The Impact of an Online Training Program About Cancer Clinical Trials on Primary Care Physicians' Knowledge, Attitudes and Beliefs, and Behavior

J Cancer Educ. 2020 Mar 10;10.1007/s13187-020-01731-3. doi: 10.1007/s13187-020-01731-3. Online ahead of print.


Participation in cancer clinical trials (CCTs) is critical to improving cancer treatments and quality of care. However, rates of patient participation remain low. Research has shown that a trusted physician recommendation is an important influence on patients' decisions to enroll in a CCT. Improving primary care providers' (PCPs') knowledge, attitudes, and beliefs about CCTs is a promising potential path for improving CCT participation. The aim of this pilot study was to test the effect of an online educational course for PCPs about clinical trials on primary care providers' knowledge, attitudes and beliefs, and behavior. Forty-one PCPs in the New York City area participated in a 1-h online training session on cancer clinical trials. These PCPs had self-selected to complete the training in a previous survey. The objectives of the training module were to (1) educate the PCPs about clinical trials, with a focus on overcoming misconceptions; and (2) discuss roles of PCPs in partnering with oncologists to help patients gain access to clinical trials. The training module included didactics, audio excerpts, and case descriptions. Participants completed a pre-test immediately before taking the course, a post-test immediately after taking the course, and a 3-month post-course survey. All three assessments included a general T/F knowledge test, a 7-item attitude/belief scale, and a knowledge test focused specifically on local resources and access for clinical trials. Forty-one PCPs completed the module and the pre-post course surveys. Eighty percent (33/41) also completed the 3-month post-course survey. General knowledge and local knowledge increased significantly (p < .05) from pre- to post-course. At 3 months post-training, both general and local knowledge scores remained significantly increased from baseline. For those who completed the 3-month post-course survey, attitudes and beliefs increased significantly from pre- to post-course, but this change was not sustained at 3 months post-training. At 3 months post-training, 52% of the PCPs who had an interaction with a recently diagnosed cancer patient reported speaking with patients about CCTs as a result of the training. A brief online course showed significant and sustained improvement in PCPs' general and local knowledge about cancer clinical trials, which translated into self-reported behavior change. Future dissemination of the course and further research into its impact are important next steps.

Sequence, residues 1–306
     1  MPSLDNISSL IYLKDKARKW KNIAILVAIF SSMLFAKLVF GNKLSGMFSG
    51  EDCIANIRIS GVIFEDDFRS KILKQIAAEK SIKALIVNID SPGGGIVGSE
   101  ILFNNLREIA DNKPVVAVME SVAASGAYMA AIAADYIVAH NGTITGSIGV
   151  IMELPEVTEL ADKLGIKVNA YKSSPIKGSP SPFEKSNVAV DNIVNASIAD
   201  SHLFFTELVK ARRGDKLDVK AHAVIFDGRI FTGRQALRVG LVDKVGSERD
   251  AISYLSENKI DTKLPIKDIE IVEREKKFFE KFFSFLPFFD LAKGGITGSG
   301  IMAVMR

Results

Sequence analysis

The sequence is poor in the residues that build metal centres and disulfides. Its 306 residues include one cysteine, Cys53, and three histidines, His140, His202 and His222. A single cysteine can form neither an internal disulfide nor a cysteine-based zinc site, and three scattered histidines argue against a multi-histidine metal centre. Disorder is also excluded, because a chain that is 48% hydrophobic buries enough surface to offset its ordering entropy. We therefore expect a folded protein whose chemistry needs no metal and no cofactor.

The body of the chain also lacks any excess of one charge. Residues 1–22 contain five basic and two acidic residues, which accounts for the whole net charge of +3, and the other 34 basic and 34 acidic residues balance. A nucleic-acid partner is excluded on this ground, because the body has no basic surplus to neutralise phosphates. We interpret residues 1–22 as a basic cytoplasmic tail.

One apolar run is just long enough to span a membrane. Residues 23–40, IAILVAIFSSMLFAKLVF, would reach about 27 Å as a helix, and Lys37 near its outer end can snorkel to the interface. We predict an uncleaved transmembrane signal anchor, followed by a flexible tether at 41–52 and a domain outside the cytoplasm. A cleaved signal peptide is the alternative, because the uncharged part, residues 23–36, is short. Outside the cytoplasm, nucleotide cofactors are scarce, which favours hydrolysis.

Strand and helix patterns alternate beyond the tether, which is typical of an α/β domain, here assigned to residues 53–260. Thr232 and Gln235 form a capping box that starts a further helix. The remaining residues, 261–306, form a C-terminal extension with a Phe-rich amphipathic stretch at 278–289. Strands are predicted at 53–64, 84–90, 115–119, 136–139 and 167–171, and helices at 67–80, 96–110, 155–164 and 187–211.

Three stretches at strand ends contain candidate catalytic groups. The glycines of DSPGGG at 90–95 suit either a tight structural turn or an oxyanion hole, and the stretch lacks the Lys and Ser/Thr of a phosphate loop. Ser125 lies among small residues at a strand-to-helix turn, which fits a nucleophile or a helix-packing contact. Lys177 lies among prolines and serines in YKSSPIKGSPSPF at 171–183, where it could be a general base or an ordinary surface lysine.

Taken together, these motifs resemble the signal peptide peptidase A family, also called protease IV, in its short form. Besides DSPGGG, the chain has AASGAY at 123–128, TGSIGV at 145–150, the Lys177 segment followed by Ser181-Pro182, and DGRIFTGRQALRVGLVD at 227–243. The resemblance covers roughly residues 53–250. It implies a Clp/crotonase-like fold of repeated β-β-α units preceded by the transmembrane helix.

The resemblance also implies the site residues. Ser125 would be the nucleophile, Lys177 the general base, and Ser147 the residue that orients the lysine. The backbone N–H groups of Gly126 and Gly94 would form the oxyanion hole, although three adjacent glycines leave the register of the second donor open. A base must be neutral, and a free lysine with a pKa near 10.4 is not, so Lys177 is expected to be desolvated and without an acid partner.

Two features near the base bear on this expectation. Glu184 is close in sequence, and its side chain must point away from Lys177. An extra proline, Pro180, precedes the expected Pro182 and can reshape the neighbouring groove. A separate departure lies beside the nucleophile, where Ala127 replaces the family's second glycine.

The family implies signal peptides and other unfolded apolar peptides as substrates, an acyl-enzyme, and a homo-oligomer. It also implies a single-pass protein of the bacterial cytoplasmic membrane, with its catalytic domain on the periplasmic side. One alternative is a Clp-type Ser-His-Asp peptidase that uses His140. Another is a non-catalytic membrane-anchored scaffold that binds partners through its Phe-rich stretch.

Keywords: Clinical trials; Educational intervention; Primary care providers; Provider-patient communication.